Learn to identify hurtful or disrespectful behaviors in others, stand up and speak up for yourself. Set strong and reasonable boundaries if necessary.
Remove yourself from those who are causing you harm, emotionally or otherwise. Reach out to others for their support and help if necessary.
Develop positive people skills: learn to interact with others, to be sociable, and develop a strong network of friends and/or a support system.
When anger arises, don’t become stuck on what’s bothering you. Identify the issue then seek all possible solutions to your situation.
Be proactive. Understanding that unfairness, such as prejudice, exists allows one to decide how they will handle themselves when confronted with it. (Similar to inclement weather, the better prepared one is the less likely they will be adversely effected when the situation presents itself.) Either take action to correct it, allow it to roll of your back when it does occur, or remove yourself from it. Each option allows you to make the decision that is in your best interest. It restores your personal power and alleviates feelings of victimization.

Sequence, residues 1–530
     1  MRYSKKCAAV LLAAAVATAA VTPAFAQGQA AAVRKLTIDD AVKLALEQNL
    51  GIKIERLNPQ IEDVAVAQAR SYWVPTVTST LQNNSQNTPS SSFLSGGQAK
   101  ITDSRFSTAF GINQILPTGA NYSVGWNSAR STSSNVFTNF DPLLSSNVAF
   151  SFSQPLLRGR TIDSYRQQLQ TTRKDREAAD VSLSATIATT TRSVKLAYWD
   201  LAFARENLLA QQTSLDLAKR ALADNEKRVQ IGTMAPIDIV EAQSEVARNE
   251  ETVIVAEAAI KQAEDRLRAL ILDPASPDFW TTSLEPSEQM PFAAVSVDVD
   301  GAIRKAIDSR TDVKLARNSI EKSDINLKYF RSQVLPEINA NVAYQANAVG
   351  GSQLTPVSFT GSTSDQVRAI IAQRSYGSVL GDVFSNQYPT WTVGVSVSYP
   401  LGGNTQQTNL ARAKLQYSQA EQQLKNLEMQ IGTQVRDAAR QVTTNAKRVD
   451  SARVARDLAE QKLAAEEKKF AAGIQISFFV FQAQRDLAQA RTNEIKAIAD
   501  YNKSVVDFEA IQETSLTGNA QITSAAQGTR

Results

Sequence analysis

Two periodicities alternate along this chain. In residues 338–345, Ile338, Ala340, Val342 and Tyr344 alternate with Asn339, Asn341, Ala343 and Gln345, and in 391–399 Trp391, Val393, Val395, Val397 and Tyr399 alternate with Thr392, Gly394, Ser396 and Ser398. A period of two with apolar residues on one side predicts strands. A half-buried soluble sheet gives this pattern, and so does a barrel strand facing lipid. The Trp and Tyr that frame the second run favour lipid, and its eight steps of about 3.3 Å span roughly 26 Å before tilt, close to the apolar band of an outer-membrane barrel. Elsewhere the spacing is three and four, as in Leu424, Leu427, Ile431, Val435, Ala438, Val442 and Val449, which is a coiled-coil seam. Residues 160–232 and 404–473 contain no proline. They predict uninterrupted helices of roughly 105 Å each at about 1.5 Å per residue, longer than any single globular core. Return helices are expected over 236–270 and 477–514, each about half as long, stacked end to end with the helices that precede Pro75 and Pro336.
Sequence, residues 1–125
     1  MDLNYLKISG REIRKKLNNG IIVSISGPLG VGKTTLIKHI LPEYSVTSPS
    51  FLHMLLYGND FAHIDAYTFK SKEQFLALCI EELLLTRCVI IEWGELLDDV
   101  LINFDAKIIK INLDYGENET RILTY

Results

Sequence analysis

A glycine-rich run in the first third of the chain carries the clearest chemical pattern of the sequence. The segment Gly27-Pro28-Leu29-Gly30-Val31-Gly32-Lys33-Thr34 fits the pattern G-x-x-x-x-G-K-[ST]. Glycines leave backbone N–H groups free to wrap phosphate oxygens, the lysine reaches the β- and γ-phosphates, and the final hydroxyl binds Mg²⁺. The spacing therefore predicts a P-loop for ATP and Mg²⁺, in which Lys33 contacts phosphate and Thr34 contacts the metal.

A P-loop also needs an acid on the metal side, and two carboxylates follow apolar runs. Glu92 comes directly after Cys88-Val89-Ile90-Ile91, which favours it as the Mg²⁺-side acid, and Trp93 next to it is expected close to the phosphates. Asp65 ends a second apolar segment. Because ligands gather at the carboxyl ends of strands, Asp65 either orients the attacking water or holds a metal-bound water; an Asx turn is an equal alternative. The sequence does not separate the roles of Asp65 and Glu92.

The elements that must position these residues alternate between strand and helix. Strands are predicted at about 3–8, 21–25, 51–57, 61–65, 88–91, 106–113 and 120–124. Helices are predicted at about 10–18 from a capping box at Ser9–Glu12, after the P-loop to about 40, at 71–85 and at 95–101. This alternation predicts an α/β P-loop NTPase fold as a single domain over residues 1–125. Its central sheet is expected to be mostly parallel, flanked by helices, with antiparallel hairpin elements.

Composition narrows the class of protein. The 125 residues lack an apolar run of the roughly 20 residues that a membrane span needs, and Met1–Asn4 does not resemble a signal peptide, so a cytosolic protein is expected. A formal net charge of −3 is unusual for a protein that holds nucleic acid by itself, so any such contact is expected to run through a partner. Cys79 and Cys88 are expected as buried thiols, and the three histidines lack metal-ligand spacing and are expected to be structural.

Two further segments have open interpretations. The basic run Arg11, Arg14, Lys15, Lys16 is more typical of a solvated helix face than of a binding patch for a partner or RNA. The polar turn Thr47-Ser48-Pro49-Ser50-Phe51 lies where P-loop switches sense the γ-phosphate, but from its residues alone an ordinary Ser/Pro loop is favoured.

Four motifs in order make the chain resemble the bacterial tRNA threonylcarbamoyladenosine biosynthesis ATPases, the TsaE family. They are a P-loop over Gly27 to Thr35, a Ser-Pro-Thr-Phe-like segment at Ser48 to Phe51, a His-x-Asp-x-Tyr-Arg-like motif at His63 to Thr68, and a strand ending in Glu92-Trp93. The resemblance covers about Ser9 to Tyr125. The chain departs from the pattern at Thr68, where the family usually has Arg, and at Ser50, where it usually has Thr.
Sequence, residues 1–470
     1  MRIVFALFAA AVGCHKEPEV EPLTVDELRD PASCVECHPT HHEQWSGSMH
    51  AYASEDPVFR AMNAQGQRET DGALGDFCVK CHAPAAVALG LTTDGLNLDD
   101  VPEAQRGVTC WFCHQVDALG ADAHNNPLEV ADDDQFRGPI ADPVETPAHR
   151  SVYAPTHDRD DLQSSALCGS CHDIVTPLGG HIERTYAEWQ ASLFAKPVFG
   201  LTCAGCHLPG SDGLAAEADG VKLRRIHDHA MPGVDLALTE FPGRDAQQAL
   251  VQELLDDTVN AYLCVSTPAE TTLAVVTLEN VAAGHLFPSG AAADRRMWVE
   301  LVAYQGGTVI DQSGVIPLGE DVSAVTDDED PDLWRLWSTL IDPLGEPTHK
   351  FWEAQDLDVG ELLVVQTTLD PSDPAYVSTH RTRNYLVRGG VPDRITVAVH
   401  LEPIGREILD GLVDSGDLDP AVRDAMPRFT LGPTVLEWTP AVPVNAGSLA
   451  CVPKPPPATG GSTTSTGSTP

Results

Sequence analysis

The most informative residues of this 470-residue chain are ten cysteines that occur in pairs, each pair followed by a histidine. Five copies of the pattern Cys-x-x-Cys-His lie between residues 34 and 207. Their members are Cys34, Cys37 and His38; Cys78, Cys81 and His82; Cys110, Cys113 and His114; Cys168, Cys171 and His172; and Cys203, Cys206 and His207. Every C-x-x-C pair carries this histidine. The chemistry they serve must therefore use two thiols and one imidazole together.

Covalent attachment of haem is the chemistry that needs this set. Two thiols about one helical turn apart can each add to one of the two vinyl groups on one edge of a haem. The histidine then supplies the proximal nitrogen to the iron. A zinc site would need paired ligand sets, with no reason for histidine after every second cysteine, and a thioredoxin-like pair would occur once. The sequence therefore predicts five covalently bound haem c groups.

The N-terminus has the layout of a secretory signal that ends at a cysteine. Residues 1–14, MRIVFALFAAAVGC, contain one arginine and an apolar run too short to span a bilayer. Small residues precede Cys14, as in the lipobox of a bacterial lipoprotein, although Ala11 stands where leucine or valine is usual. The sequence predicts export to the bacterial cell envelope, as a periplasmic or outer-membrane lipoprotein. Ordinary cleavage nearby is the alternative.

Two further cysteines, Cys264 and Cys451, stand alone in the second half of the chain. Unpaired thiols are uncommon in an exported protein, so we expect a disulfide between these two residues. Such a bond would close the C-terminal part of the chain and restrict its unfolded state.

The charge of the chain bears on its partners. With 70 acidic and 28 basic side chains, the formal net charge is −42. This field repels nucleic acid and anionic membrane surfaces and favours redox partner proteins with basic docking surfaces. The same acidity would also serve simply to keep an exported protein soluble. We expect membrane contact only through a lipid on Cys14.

If you’re the pusher:
Be more compassionate; treat others with kindness, dignity and respect, even those you don’t care for.
Be inclusive – invite others to be a part of your life on some level; show concern for who they are, what matters to them, how they feel.
Always find something positive to say to the other party – be complimentary and appreciative of who they are.
If you’re the observer: